Simon Bolivar

Simon Bolivar


Simon Bolivar, byname The Liberator or Spanish El Libertador, liberalized so many countries and one country chose to be called Bolivia, a variation on the Liberator’s name.


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The son of a Venezuelan aristocrat of Spanish descent, Bolivar was born to wealth and position. His father died when the boy was three years old, and his mother died six years later, after which his uncle administered his inheritance and provided him with tutors. One of those tutors, Simon Rodriguez, was to have a deep and lasting effect on him. Rodriguez, a disciple of Jean-Jacques Rousseau, introduced Bolivar to the world of 18th-century liberal thought.

At the age of 16, Bolivar was sent to Europe to complete his education. For three years he lived in Spain, and in 1801 he married the daughter of a Spanish nobleman, with whom he returned to Caracas. The young bride died of yellow fever less than a year after their marriage. Bolivar believed that her tragic death was the reason that he took up a political career while still a young man.

In 1807 he returned to Venezuela by way of the United States, visiting the eastern cities.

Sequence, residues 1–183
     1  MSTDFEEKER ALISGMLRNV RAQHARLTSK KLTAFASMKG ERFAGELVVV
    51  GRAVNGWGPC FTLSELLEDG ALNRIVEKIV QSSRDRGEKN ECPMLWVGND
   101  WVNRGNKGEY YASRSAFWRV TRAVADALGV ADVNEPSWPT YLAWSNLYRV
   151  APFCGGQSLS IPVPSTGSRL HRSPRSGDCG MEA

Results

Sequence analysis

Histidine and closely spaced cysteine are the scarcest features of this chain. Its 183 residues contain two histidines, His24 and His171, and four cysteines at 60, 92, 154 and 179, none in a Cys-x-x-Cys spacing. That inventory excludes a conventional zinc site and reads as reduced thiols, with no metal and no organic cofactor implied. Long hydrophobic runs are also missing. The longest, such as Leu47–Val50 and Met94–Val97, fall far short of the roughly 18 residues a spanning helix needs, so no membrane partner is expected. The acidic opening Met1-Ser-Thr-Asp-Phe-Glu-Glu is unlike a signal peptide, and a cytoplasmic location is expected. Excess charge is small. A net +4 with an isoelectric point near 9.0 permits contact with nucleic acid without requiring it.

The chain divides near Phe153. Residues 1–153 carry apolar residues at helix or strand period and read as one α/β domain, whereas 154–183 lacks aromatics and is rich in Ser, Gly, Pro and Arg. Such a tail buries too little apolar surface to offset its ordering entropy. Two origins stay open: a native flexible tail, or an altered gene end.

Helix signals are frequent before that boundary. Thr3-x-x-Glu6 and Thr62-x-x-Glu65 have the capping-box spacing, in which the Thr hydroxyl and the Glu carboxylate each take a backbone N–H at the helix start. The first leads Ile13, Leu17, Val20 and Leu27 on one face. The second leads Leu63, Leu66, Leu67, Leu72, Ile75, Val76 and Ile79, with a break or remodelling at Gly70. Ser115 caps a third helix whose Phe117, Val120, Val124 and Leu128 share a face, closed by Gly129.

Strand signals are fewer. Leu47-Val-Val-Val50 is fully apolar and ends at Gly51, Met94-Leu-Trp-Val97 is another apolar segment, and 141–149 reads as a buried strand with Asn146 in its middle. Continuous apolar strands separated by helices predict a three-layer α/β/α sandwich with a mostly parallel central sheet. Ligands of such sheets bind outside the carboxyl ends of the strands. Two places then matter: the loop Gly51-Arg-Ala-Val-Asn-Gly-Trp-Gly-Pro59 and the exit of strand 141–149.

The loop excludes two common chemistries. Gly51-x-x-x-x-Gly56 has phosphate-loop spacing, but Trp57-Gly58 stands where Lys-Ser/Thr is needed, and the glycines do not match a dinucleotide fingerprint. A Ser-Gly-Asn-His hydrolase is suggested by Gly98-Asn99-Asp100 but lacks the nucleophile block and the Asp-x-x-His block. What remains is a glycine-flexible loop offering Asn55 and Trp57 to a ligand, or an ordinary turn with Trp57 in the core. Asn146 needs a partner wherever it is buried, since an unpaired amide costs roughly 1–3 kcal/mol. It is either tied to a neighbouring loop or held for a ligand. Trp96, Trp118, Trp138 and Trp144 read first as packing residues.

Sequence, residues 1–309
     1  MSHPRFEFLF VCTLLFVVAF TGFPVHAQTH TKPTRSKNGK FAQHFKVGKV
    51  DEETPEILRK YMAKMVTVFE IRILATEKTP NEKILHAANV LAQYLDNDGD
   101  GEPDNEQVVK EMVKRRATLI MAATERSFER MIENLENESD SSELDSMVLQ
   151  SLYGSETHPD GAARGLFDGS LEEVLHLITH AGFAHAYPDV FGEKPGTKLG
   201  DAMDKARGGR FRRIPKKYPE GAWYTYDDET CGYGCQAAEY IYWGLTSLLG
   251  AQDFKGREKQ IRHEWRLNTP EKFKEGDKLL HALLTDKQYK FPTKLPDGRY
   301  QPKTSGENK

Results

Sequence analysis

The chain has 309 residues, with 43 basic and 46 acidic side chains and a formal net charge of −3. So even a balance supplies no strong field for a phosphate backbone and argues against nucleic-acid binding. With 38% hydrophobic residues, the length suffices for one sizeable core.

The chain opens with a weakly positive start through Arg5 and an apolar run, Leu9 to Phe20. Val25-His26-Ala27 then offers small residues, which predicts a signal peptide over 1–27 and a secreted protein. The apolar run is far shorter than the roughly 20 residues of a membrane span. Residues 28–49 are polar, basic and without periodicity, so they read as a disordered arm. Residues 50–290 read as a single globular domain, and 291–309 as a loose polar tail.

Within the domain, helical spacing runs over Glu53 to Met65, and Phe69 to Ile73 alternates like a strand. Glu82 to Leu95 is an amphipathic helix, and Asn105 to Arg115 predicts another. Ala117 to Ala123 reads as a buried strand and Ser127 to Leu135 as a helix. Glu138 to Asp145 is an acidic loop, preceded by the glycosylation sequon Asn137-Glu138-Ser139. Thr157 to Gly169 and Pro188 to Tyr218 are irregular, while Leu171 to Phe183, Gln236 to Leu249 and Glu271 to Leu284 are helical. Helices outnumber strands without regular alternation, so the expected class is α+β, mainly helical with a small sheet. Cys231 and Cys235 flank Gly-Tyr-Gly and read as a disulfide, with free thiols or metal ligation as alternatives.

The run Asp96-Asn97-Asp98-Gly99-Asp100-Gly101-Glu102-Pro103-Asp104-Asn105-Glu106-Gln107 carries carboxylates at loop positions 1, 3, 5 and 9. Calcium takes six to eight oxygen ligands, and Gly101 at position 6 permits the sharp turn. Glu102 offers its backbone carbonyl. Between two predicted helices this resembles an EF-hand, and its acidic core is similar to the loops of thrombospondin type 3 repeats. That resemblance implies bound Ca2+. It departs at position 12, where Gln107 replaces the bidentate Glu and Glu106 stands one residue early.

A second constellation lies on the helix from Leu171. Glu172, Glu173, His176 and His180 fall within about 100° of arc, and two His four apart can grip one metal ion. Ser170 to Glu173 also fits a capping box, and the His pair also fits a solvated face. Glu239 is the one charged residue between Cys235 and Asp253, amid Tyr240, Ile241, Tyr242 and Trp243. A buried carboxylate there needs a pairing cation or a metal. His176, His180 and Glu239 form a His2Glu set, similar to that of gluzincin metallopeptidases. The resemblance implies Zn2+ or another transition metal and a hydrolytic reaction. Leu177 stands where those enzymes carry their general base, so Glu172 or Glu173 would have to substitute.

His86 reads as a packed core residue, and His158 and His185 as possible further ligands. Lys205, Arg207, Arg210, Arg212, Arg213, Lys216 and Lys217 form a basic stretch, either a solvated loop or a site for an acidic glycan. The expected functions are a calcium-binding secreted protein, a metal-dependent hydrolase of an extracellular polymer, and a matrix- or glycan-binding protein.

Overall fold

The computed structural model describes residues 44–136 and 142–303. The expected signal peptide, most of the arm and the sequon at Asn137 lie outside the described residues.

When Napoleon Bonaparte overran Spain, the restive colonies of Spanish America seized the opportunity to revolt. Venezuela was the first to declare its independence, in 1811. Although that initial revolt failed, for the next 19 years Bolívar continued to lead the fight to free northern South America. His small, poorly equipped forces won amazing victories and met overwhelming defeats. At one time he might be a conquering hero, at another, a fugitive in exile. At the height of his power, between 1825 and 1828, he was president or protector of Gran Colombia (now Venezuela, Colombia, Panama, and Ecuador), Peru, and the newly formed Bolivia.

The spirit of disunion and opposition, however, was strong. Bitter and broken in health, he died at a friend’s estate in Colombia on December 17, 1830. Seven months after he resigned his offices. Bolivar was a sincere patriot, devoted to the cause of liberty and equality. Years before slavery was officially abolished in Venezuela, Bolivar liberated his own slaves.


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